James Hewitt, an EPA spokesperson, says the agency’s standard evaluations include some assessment of endocrine effects. And he says that while screening pesticides for endocrine-disruption potential is slow and resource intensive, the agency is working on developing newer, faster screening techniques, and that it refines its safety evaluation methods as science evolves.
What CR’s Analysis Found
In our ratings, the “cleanest” produce receives an Excellent or Very Good score, while fruits and vegetables that carry the most risk are rated Fair or Poor. They factor in the total number of pesticides, the level of each on fruits and vegetables, the frequency with which they were detected, and their toxicity.
To account for toxicity, we used the EPA’s chronic reference dose for each pesticide (the amount it considers not likely to cause harm over a lifetime), then applied the FQPA safety factor to known neurological toxins or suspected endocrine disruptors—even when the EPA doesn’t. The goal was to “minimize the chance that risks are underestimated,” says Chuck Benbrook, PhD, a consultant who helped develop CR’s risk scores.
This means that fruits and vegetables with residue of many different pesticides can still receive a rating of Very Good or even Excellent if the amounts are low compared with the level we consider harmful, or if the pesticides have a low toxicity. But others rate poorly if they have even a very small amount of a more dangerous pesticide.
For example, fresh nonorganic tomatoes have a Very Good rating despite having residue of 65 pesticides because the amounts weren’t concerning and/or were found on only a few samples. On the other hand, imported nonorganic summer squash rated Poor because it had worrisome amounts of a particularly harmful pesticide on just one sample.
Thirty-one of 49 nonorganic fruits and vegetables—which include fresh, frozen, dried, and canned—earn a rating of Good or higher in domestic and/or imported forms.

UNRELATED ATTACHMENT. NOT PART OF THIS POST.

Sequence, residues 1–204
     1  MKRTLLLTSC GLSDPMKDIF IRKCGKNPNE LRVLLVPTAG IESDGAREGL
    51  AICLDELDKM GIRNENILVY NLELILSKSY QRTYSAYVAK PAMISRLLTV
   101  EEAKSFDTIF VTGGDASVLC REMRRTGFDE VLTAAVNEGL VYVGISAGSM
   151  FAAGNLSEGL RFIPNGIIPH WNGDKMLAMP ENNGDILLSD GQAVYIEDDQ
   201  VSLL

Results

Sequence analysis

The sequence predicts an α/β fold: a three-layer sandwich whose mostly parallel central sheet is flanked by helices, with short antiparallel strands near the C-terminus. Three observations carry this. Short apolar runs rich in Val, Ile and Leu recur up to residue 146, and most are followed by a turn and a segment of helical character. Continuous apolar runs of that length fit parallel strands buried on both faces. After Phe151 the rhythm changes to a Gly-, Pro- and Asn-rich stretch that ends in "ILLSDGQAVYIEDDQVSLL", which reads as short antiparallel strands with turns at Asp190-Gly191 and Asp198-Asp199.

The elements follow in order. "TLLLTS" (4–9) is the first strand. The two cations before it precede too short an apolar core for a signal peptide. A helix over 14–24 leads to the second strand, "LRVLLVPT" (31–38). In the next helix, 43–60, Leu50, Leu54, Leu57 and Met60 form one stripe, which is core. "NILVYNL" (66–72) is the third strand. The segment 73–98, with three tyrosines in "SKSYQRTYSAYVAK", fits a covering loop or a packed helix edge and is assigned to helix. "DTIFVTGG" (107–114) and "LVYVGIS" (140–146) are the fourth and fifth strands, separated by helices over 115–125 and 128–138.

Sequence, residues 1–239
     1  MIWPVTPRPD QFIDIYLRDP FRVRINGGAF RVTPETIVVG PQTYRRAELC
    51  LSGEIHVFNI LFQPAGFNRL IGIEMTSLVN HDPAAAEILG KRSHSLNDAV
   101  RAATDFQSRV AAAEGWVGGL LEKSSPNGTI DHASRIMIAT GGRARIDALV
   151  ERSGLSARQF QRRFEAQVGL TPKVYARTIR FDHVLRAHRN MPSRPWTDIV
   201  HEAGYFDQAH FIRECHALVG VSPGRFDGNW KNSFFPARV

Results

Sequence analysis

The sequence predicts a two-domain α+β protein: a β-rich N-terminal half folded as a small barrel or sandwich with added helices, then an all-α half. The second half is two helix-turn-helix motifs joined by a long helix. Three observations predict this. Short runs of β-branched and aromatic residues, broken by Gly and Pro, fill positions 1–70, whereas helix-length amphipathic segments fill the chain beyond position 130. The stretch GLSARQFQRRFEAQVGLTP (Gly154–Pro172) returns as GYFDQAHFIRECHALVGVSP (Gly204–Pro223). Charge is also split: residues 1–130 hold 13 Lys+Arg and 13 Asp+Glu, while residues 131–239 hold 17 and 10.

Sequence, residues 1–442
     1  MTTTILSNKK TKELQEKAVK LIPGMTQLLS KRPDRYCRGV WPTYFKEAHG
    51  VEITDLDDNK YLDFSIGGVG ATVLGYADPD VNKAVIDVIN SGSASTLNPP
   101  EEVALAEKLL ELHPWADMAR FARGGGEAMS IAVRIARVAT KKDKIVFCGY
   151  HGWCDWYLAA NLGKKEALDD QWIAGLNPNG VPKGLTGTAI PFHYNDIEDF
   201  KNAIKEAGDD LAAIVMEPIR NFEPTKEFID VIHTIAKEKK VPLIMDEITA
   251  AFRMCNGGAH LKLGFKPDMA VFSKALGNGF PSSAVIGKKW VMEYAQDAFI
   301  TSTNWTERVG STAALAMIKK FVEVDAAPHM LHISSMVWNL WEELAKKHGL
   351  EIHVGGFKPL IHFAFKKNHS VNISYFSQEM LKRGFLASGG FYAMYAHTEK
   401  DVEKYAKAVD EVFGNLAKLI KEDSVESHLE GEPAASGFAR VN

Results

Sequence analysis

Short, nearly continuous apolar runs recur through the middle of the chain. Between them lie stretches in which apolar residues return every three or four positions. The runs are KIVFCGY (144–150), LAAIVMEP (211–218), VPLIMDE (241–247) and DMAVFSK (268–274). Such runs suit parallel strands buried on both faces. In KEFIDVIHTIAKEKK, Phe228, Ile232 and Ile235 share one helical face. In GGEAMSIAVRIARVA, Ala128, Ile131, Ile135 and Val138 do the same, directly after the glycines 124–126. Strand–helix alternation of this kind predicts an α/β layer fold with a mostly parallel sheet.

But for the 18 nonorganic fruits and vegetables with a Fair or Poor rating, CR’s experts say everyone, especially pregnant women, infants, and young children, should try to eat the organic versions. If you can’t find them at a price you can afford, choose a higher-rated similar alternative, such as broccoli instead of green beans. Still, if that’s not possible, occasionally eating a low-rated fruit or vegetable doesn’t pose a serious health risk.
There were a few items for which organic produce got a score lower than Excellent. For those rated Very Good, the likely reason is that pesticides banned in organic farming drifted from fields where nonorganic crops were grown. But drift probably doesn’t account for the Fair or Poor scores for three organic items: imported frozen cherries, imported fresh snap peas, and U.S.-grown fresh spinach.
All but one of the contaminated frozen cherry samples were imported from Turkey. In recent years, questions have been raised about the integrity of the organic label on Turkish imports.
Organic imported snap peas are rated Fair because one of the 15 samples was contaminated with high levels of dimethoate, a potent neurotoxin.
And last, organic U.S.-grown spinach received a Poor score because 33 pesticides were found on 76 percent of the samples. For some of these, the levels were similar to nonorganic. That includes famoxadone, a pesticide banned in organic farming and a possible hormone disruptor.
“The vast majority of the USDA data show that while pesticides are sometimes found on organic foods, the levels are usually 10 percent or less of what’s found on nonorganic, which would be consistent with drift from a neighboring field,” CR’s Hansen says. “When levels on organic and nonorganic are similar, government agencies should take a closer look.”